In cataloging the research concerning HIIT and phenotypic characteristics of sarcopenia, several issues and considerations came to light, all of which have important implications for the interpretation of this body of literature, and improvement of future investigations. Firstly, the use of exercise terminology requires clarity. In this context, we mean the definition of “HIIT.” HIIT has previously been described as periods of work >85% VO2peak or 85% HRmax or equivalent perception-based approaches, interspersed by recovery periods (Gibala et al., 2012). Only articles matching this description were included in this article. Several articles were returned from our database searching which termed the exercise intervention HIIT, but often these did not reach this threshold of intensity. Similarly, when exercise is described as “all-out,” this should be termed SIT, which although a subcategory of HIIT, is unique in its prescription (Weston et al., 2014). It is imperative to classify protocols based on the nature of exercise prescription as different interval exercise classifications will alter experience and potentially subsequent adaptation to the exercise (Biddle and Batterham, 2015). Penultimately, the majority of studies considered small samples sized, which limits interpretation. Finally, the major limitation of the present scoping review is the lack of studies in older adults diagnosed with sarcopenia. Whilst the literature assessment was comprehensive, it is possible that studies may have been missed from the analysis, but as three databases were searched, it is unlikely enough were missed to create a large void in the included literature.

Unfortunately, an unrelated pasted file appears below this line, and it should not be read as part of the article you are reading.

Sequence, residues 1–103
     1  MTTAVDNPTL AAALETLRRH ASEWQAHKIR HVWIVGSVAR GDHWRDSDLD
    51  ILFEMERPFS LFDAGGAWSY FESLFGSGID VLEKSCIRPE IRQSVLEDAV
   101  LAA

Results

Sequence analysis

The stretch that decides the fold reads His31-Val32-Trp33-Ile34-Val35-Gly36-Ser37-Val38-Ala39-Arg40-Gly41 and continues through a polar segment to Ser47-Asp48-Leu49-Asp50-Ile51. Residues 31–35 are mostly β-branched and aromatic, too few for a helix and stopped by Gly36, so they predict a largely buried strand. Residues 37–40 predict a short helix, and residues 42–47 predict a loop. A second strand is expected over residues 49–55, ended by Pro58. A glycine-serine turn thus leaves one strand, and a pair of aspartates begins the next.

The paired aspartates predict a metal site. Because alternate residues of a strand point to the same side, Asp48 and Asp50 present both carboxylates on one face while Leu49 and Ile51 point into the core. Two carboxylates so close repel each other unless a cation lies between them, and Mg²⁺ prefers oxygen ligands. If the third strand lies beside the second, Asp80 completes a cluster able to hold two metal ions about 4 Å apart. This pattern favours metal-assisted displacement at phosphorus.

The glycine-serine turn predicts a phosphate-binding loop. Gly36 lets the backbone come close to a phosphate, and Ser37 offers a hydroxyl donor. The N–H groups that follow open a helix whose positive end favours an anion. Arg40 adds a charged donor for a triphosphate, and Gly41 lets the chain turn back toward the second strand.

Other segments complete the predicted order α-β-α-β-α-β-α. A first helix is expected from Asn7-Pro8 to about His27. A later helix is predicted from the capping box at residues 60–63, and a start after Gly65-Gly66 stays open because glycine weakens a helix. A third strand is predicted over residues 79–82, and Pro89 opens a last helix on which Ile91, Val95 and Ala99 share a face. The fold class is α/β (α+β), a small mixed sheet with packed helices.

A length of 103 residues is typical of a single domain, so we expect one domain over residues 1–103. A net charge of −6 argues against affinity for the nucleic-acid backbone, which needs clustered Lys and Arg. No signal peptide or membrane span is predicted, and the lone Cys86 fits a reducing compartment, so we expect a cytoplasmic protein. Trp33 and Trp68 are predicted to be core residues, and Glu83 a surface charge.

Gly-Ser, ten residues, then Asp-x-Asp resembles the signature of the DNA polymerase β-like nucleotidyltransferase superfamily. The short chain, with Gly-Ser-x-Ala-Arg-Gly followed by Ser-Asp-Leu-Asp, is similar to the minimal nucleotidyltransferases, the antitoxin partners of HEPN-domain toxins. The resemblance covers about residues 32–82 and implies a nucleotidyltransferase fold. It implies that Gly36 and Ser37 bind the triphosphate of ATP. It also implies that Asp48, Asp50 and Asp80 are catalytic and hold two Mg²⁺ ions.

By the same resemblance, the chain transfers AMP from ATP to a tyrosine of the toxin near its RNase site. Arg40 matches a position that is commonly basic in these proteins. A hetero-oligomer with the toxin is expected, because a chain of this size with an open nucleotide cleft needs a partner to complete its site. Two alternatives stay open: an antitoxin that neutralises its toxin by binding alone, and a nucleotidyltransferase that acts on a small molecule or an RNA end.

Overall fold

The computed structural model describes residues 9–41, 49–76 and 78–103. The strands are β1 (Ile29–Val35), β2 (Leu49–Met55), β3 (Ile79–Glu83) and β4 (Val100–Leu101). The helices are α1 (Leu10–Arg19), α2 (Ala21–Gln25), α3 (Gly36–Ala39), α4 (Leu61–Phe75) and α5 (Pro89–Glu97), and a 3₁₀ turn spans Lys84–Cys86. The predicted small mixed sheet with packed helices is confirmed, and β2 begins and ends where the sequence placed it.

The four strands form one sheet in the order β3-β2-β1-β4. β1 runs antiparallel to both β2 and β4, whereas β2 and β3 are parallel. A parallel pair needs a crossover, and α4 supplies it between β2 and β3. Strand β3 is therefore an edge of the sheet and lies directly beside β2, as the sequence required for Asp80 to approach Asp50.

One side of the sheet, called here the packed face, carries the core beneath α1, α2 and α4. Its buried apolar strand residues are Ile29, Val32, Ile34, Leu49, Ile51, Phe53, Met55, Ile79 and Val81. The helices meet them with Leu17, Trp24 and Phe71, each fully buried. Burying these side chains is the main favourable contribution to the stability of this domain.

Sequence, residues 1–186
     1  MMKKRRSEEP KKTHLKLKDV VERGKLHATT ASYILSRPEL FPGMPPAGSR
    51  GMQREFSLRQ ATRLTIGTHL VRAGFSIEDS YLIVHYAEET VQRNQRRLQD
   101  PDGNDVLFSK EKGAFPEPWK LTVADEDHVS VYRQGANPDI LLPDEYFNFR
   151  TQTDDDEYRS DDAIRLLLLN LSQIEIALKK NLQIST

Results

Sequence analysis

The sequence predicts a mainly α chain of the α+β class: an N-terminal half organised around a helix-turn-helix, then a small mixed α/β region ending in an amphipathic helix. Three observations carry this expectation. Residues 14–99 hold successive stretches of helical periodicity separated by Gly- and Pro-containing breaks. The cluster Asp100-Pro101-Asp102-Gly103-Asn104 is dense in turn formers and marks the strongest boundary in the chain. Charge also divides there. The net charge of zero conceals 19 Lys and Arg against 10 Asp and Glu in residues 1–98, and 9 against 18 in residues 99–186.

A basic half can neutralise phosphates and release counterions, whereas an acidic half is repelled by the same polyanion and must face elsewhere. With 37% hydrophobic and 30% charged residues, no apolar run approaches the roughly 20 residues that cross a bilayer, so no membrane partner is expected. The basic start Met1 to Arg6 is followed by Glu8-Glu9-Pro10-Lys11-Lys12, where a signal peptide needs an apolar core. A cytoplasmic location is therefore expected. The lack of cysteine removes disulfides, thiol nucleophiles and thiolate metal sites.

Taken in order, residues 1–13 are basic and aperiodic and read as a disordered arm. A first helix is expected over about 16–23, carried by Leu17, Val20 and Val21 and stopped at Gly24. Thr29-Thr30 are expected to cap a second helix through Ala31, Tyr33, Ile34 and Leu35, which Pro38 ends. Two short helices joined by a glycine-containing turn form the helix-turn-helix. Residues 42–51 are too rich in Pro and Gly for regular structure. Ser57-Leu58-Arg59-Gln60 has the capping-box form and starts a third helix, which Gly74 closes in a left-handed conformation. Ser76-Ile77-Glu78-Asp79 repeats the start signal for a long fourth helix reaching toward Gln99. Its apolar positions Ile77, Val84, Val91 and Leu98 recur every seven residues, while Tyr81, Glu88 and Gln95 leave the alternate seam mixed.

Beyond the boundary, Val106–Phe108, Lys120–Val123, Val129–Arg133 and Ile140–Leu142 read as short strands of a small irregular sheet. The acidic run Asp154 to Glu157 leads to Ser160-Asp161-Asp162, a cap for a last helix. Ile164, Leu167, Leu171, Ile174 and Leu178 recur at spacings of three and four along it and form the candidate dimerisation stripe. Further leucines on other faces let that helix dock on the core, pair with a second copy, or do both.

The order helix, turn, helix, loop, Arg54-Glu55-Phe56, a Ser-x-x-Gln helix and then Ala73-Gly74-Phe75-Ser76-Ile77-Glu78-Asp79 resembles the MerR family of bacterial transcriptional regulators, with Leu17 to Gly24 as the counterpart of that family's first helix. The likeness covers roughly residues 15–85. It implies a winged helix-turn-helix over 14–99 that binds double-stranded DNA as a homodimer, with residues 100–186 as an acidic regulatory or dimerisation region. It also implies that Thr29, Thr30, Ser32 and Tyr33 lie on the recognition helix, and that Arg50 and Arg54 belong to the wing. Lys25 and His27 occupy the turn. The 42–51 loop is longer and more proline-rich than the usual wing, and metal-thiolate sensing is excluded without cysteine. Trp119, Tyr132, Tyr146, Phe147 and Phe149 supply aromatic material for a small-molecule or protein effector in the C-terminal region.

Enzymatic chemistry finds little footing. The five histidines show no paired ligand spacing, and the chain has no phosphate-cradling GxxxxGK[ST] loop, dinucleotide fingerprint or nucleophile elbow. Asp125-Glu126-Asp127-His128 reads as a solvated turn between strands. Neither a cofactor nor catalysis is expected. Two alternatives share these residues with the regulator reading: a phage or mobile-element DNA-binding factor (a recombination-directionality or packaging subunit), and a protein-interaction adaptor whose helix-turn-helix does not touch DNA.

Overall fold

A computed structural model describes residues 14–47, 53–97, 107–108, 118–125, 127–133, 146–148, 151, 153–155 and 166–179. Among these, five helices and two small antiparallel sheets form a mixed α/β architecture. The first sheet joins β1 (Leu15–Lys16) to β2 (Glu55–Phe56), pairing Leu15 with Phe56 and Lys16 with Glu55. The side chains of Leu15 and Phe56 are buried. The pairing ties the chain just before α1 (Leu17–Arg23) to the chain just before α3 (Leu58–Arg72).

One questions that cannot be answered in the current scoping review is the effect of age on adaptations in physical performance, muscle function, or muscle quantity with HIIT. Whilst we attempted to examine results by decade (60–69, 70–79, and ≥80 years of age), it was noted that most published results were performed in “younger old” participants between 60 and 70 years of age. Further meta-analytical subgroup analysis or meta-regression may thus be required to examine differing responses by age group. In a similar manner, another limitation noted is the inability to examine potential sex differences in responses to HIIT for any outcome. Whilst most studies utilized both male and female participants, groups were typically mixed and thus no insight into sex difference of HIIT responses is attempted here. With a need to better describe and report female physiology in exercise physiology literature (Elliott-Sale et al., 2021), more work in this area may this be called for.

It is also important to acknowledge that the studies included in this review were delivered across a range of settings and involved a diverse range of older adults of varying health and fitness status. While this makes generalizing findings difficult, it does suggest that HIIT may be feasible across a broad range of settings with a wide range of older people. However, it is important to make clear that HIIT may not be suitable for all older people and all exercise programmes should be individually prescribed based on the characteristics of the individual.